Explorers on Galapagos RiftSandra Brooke
Jonathan A. Eisen
Sandra's science background is truly global in reach. She graduated with a degree in biology from the University of Essex, in Colchester, United Kingdom and has been on the move ever since. Her work has taken her from Europe to Costa Rica to the Cayman Islands and the U.S. Her experience in diving and submersibles is extensive. She's done saturation diving from the Aquarius Underwater Habitat, and has made dives using the full spectrum of submergence equipment including Alvin, Clelia and the Johnson Sea Link submersibles. Sandra teaches at Harbor Branch Oceanographic Institution.
Kendal Bush fell in love with photography as a child. As early as she can remember, still and video cameras fascinated her. As a student, she studied film and graduated Magna Cum Laude from Temple University in 1993. Her television career began with the proverbial "foot in the door" as a sports editor at WCAU-NBC10 in Philadelphia, PA. Kendal eagerly pursued videography at the station and in a short time was a one woman bandshooting, editing, and teching liveshots in the field. As a freelance photojournalist, Kendal covered major events such as the 1996 Olympic Games in Atlanta, Pope John Paul II's historic visit to Cuba and the crisis in Kosovo, which earned her an Emmy nomination. Now, as a producer/videographer for the National Geographic Channel's daily newsmagazine, National Geographic Today, Kendal's seasoned eye captures amazing images from locations as exotic as Kenya, as far off as Australia, as pristine as the Galapagos and as wild as Alaska.
Bob Collier will be using the Atlantis CTD instrument at night to study the physical and chemical characteristics of the hydrothermal fluids as they form plumes above and beyond the sea floor vents. He also will work with the ABE group and the towed camera team to jointly apply these tools in the search for new vents. Collier received his Ph.D in Chemical Oceanography from the MIT-WHOI Joint Program in 1981 and is currently an Associate Professor at Oregon State University's College of Oceanic and Atmospheric Sciences. His research focuses on the trace element geochemistry of dissolved and particulate materials in the marine environment, including processes at ridgecrest hydrothermal systems. While a graduate student with John Edmond at MIT, Collier participated in both the Pleiades expedition (1976) and the Knorr/Lulu/Alvin expedition in 1977, which was the first expedition to visit the Galapagos hydrothermal vents.
Dr. Eisen is an evolutionary biologist whose current research focuses on phylogenomics (the combination of evolutionary reconstructions and analysis of genome sequences). He is working on developing methods to use genome sequencing and analysis to study the evolution and ecology of organisms that live in extreme environments. On this expedition, he will be supervising the collection and storage of samples for genomic analysis. Dr. Eisen received his undergraduate degree from Harvard College in 1990, where he worked on the endosymbioses between bacteria and invertebrates that are a major factor in biology of the hydrothermal vent ecosystems. He received his Ph.D from Stanford University in 1998 where he worked on the origin and evolution of mechanisms by which species, such as those that grow in high temperatures, protect their genetic material (DNA) from damage. He started working at TIGR, a non-profit research institute in Rockville, MD, in 1998 and has worked on genome sequencing and analysis projects for a wide-diversity of organisms, including the most radiation-resistant species known (Deinococcus radiodurans), extreme thermophiles (Thermotoga maritima), pathogenic bacteria and eukayotes, and plants. He is currently developing and applying methods to use genomics to study the biology of microorganisms that have never been cultured in the laboratory, through sampling of their DNA directly from the environment.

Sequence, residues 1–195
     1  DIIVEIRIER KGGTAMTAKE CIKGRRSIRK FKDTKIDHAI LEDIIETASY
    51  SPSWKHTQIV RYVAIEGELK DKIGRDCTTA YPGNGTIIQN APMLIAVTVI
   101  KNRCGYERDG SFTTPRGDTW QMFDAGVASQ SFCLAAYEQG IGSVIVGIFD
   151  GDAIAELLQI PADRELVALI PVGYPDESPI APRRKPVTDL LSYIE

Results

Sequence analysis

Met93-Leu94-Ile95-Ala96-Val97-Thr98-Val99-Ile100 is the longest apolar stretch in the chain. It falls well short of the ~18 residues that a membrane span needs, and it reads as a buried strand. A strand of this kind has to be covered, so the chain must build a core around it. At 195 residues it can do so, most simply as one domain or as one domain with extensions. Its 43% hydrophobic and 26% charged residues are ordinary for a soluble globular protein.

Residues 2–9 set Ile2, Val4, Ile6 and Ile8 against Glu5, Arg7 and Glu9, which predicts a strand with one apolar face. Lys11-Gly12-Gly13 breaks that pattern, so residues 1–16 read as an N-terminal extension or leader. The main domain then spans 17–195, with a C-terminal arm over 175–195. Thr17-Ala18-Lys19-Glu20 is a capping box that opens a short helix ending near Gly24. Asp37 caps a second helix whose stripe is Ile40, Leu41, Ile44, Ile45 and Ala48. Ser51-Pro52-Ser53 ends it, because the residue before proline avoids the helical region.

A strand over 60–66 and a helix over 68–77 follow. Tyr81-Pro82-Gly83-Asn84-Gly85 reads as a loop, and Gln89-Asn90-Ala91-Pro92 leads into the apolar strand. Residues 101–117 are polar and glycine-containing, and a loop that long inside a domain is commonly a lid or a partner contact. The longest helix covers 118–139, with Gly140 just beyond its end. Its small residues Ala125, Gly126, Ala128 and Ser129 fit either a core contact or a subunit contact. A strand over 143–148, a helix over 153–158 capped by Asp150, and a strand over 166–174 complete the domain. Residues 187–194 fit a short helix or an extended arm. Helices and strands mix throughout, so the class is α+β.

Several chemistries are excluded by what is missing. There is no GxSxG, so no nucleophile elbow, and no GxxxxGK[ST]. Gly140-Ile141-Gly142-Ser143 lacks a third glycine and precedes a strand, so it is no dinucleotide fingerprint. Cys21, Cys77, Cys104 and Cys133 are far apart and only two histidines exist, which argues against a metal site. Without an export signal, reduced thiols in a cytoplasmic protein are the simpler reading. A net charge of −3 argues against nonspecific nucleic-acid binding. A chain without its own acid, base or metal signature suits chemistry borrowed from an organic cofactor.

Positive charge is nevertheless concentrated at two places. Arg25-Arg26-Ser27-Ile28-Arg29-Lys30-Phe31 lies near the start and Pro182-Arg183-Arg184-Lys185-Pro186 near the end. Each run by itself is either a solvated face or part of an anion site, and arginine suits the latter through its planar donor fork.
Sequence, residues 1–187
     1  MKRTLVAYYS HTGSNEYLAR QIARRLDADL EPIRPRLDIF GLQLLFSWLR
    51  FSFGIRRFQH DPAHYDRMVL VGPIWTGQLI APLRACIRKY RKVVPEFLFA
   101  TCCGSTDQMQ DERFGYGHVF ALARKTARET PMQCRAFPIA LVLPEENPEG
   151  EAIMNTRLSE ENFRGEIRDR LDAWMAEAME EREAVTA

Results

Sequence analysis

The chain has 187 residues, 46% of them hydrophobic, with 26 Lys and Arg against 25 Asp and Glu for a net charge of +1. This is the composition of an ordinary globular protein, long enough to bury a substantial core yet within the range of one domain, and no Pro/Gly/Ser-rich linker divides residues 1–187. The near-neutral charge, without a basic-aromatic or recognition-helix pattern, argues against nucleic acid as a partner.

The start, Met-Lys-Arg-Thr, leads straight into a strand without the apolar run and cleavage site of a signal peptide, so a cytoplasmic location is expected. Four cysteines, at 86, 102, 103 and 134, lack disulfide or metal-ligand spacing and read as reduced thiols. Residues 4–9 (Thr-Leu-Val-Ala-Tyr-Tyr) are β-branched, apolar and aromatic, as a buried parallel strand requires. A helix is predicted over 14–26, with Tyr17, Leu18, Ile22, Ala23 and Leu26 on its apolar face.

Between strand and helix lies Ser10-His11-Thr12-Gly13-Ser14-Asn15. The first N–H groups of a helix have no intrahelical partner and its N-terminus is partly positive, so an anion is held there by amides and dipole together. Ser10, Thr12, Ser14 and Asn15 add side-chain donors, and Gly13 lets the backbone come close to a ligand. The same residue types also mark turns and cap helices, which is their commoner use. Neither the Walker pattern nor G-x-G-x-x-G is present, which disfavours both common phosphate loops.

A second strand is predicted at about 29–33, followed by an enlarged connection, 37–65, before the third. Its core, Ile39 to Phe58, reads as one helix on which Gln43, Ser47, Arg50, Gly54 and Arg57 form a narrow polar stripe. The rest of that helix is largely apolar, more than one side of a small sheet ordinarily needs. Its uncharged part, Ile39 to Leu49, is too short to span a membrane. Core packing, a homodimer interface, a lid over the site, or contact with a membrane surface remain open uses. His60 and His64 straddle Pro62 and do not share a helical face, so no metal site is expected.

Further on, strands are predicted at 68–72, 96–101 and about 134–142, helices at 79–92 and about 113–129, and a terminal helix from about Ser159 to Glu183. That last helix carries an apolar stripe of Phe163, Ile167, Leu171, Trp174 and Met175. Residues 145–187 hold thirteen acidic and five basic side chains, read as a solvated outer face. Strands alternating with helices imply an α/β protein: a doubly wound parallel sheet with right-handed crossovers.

Dan Fornari is a prolific marine geologist. He has participated in more than 40 major oceanographic research cruises and published more than 75 papers on hydrothermal systems, fast-spreading ridges, and sea floor volcanism. He solidified his reputation as a sea floor pioneer in 1991 while diving along the East Pacific Rise. Fornari and colleagues discovered a hydrothermal vent field that had just been devastated by a submarine volcanic eruption. They recognized the event as an opportunity to study how lava erupts on the sea floor and how vent fauna re-colonize a site after it is devastated by a new lava flow.
Most recently an anchor and producer for the Discovery Channel, Patty Kim has an extensive background reporting on science and world cultures. Her broadcasting career began in 1993 as a weatherperson and anchor with The Weather Networks. She then spent five years at the Canadian Broadcasting Company (CBC), reporting on the arts, local news and current affairs. Also at the CBC, Kim anchored a nationally broadcast newsmagazine devoted to travel and adventure, and hosted a weekly segment for the regional evening newscast.